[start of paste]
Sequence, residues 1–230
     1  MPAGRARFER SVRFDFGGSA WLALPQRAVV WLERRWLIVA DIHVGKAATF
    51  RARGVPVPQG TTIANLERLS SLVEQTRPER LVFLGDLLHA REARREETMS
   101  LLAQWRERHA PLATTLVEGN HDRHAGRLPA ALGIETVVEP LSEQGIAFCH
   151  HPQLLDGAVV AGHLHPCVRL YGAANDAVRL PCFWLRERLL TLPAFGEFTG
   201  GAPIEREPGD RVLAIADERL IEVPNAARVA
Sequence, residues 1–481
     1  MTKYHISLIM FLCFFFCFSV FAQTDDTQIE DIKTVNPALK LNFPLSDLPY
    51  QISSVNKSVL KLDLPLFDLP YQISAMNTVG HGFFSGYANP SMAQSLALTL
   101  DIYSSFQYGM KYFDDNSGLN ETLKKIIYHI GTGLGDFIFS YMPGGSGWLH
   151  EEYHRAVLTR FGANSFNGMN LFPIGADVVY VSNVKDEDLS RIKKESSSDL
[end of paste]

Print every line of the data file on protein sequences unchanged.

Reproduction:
Sequence, residues 1–230
     1  MPAGRARFER SVRFDFGGSA WLALPQRAVV WLERRWLIVA DIHVGKAATF
    51  RARGVPVPQG TTIANLERLS SLVEQTRPER LVFLGDLLHA REARREETMS
   101  LLAQWRERHA PLATTLVEGN HDRHAGRLPA ALGIETVVEP LSEQGIAFCH
   151  HPQLLDGAVV AGHLHPCVRL YGAANDAVRL PCFWLRERLL TLPAFGEFTG
   201  GAPIEREPGD RVLAIADERL IEVPNAARVA
Sequence, residues 1–481
     1  MTKYHISLIM FLCFFFCFSV FAQTDDTQIE DIKTVNPALK LNFPLSDLPY
    51  QISSVNKSVL KLDLPLFDLP YQISAMNTVG HGFFSGYANP SMAQSLALTL
   101  DIYSSFQYGM KYFDDNSGLN ETLKKIIYHI GTGLGDFIFS YMPGGSGWLH
   151  EEYHRAVLTR FGANSFNGMN LFPIGADVVY VSNVKDEDLS RIKKESSSDL